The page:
Under Texas’ current legal system, 17-year-olds accused of crimes are usually tried as adults — but lawmakers are working to raise that age by one year.
On Wednesday, the Juvenile Justice and Family Issues subcommittee heard three bills that would raise the age at which youth are tried as adults to 18. The bills were left pending in committee.
Texas is one of nine states that places 17-year-olds in the criminal justice system rather than the juvenile justice system, according to Rep. Ruth McLendon (D-San Antonio), who was a juvenile probations officer for 17 years before she was elected to office.
“From my observations, one thing is clear, and that is a juvenile may be large enough and tall enough and strong enough to look and talk an adult, but there is no assurance that they have the maturity or intellectual growth to evaluate consequences and the ability to make decisions in the same manner as we expect from adults,” McLendon said.
Rep. Gene Wu (D-Houston) said he supports a change in the age of criminal responsibility because minors are being tried as adults for relatively small, nonviolent crimes.
According to an interim report released by the committee, 44 percent of 17-year-olds arrested in 2013 were charged with larceny, the possession of marijuana or for consumption or possession of liquor.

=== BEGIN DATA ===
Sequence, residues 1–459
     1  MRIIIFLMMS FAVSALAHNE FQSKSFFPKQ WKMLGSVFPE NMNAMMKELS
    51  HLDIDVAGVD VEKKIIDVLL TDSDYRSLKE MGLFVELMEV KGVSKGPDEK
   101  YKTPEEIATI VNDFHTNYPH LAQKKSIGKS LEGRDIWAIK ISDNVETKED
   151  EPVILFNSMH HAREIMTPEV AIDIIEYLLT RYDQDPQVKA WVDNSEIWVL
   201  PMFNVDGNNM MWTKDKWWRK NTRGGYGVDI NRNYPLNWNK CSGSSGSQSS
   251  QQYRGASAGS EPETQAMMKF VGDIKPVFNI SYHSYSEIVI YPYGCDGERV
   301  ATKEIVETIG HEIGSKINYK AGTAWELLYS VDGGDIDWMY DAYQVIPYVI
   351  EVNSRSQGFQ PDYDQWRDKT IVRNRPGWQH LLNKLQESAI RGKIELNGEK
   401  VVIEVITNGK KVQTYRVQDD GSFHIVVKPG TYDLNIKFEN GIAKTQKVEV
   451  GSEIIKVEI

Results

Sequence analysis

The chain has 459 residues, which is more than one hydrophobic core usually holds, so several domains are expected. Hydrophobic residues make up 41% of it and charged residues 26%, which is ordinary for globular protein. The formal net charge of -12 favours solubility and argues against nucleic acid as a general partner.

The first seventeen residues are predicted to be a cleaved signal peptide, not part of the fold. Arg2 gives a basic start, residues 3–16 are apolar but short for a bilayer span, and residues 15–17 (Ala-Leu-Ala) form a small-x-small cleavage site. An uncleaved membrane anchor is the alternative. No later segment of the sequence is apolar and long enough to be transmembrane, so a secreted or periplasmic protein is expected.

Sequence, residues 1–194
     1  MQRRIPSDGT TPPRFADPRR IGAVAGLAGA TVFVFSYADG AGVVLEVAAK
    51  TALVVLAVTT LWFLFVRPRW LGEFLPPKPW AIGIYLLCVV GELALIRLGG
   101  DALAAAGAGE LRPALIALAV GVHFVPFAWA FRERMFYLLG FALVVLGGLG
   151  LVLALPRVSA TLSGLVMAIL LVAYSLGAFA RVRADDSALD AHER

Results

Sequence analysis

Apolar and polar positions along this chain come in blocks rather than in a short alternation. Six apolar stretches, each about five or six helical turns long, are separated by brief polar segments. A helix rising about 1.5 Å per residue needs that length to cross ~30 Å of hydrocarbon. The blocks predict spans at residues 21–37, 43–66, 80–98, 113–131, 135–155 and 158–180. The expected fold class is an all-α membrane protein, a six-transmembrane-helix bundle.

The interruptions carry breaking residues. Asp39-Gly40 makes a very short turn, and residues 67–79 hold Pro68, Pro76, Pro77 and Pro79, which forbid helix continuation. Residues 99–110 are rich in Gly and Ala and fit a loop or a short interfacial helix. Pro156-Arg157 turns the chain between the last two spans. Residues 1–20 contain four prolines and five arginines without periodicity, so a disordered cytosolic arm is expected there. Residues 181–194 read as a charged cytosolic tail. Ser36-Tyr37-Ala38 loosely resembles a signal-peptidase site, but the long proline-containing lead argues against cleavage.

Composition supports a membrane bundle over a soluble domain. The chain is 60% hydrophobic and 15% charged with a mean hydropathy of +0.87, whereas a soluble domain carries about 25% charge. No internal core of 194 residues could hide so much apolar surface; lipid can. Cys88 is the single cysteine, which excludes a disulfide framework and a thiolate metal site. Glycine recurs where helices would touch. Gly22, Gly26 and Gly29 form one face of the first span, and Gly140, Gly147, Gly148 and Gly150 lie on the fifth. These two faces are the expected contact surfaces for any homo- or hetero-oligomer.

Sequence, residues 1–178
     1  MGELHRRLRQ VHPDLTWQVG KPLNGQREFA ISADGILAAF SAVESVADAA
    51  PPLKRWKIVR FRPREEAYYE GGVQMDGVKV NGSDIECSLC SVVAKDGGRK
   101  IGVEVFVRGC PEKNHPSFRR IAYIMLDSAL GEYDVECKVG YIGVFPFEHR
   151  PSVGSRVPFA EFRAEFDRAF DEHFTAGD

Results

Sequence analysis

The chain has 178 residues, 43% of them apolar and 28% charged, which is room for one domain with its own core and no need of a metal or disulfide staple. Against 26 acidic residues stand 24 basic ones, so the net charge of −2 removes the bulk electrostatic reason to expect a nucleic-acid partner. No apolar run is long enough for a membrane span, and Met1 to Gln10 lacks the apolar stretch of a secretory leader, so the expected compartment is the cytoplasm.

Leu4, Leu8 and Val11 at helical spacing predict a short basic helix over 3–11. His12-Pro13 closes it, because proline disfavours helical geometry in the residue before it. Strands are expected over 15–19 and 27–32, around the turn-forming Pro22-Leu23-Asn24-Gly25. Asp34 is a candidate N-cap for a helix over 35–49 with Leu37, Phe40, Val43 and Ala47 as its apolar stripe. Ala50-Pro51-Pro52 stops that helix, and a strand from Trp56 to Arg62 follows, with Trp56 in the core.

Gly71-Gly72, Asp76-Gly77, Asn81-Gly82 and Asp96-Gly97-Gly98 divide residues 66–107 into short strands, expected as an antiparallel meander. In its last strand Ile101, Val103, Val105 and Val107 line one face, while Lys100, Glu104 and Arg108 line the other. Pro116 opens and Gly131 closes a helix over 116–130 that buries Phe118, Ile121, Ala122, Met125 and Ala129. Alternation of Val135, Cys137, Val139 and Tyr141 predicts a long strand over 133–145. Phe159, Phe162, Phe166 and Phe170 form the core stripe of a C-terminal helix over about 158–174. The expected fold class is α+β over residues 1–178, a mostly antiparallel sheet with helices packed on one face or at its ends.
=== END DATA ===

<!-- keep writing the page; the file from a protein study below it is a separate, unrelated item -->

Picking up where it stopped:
“Your chances of going to school, getting a job, getting licensed — heck, even finding an apartment — [are] greatly damaged,” Wu said.
A recent study conducted at the Lyndon B. Johnson School of Public Affairs found offenses committed by 17-year-olds were more aligned with crimes committed by 16-year-olds than crimes committed by adults.
“[17-year-olds] are typically arrested for nonviolent, minor offenses,” said Michele Deitch, the study’s author and LBJ senior lecturer, at the hearing. “Patterns of offenses and arrests really mirror that of the 16-year-olds, with slightly more drinking and drug offenses, which you would probably expect.”
Ray Allen testified at the hearing on behalf of the Texas Probation Association. He said while the Association supports a change in the criminal responsibility age, the change should not be immediate. Allen said there are concerns about the costs and time counties would need to implement the change.
“We absolutely do not oppose the policy change,” Allen said. “Our concerns … are focused almost entirely on the length of time we believe is necessary to make this change take place.”
It costs $50.04 per day to incarcerate a person at a state prison, compared to $366.88 per day to incarcerate someone at a juvenile detention center, according to the committee’s report. The report also found that 17-year-olds made up three percent of all adult arrests in 2013.
Neurobiology junior Kate Dembny said since 17-year olds are generally not considered adults, they should not be tried as adults.
“Seventeen-year-olds don’t get any other rights, so being tried as an adult is inherently unfair,” Dembny said.